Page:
Every year a number of blacks over the magic grand are tagged and released off Cairns, making it one of the premier heavy tackle destinations in the world. There are plenty of locals with boats in the more modest, under 7m range, that catch marlin fever and spend spring in search of the Holy Grail out around Opal Ridge and Linden Bank.
With the water temperature on the rise, the tropical trophies of mangrove jack, fingermark and barra are on angler’s minds and the fish are ready to play ball.
Lures and live baits will account for the huge majority of captures, while the odd fish, especially jacks, will be taken on fresh dead bait.
Expeditions that overlap with dawn or dusk will be the most successful. If you are not either heading out or coming home in darkness, then you are not giving yourself the best chance of nailing a trophy. Besides the comfort factor, as it can get pretty hot in the middle of the day, most action will occur around sunrise and sunset.
All my life I have watched in amazement as angler after angler arrives after the action has faded with the coming light, or head for home with the sun, to leave the dedicated to the action.
Barra will be taken throughout the systems, with the bigger females concentrated around the mouths and headlands, while the smaller male fish will be further upstream. Low tide periods around dawn and dusk are ideal for chasing barra; though don’t discount high tide in the right location.
While low water tends to concentrate the fish, sometimes targeting a shallow mangrove edge or rocky headland, as the tide drops can be incredibly productive. A rising tide along the mangrove edge isn’t usually as productive, as the fish tend to push up into the trees in search of prey. However, with the falling tide they are more likely to be patrolling the mangrove line, waiting for bait to emerge, making them easier to target.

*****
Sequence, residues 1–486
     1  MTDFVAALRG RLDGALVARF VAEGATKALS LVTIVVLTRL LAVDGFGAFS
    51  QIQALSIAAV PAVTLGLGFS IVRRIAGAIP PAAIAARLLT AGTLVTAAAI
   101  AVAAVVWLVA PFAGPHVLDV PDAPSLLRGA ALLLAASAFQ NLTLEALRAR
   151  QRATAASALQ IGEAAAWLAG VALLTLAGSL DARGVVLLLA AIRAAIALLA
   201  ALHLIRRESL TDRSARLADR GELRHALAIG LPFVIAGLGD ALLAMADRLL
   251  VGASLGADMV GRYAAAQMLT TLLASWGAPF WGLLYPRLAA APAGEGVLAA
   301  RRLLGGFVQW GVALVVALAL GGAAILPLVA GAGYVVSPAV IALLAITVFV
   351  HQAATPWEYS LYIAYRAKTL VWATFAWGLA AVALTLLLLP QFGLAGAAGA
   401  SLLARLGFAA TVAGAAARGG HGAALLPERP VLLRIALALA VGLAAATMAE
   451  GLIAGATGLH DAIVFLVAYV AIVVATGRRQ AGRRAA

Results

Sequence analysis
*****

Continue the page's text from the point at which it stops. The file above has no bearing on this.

Often where there are barra there will be jacks, but fingermark tend to be a different kettle of fish. While they are certainly taken alongside barra and jacks, they generally tend to prefer deeper water. Look for rubble country up against heavy rock or coral bommies, around the estuaries and inshore and you will be in the right area.
Live bait and lures are the only options when targeting fingermark, with tackle one level up on barra fishing. Braid in the 30-50lb range, with fluro carbon in the same weight range, will put you in with a chance.
Live squid, prawns, sardines, mud hearing, mullet and whiting, along with any small trevally will be readily attacked by fingermark in a feeding mood.
While they are an incredibly difficult fish to successfully target, it’s not so much that they are finicky biters but rather the opposite applies. When they decide to feed they are ravenous, attacking a wide range of baits. It’s just that they tend to have shorter and more concentrated feeding periods than most fish. You can be sitting there for hours without a bait being touched, when suddenly the lift off switch is flicked and it’s 30 minutes of mayhem.Reads: 893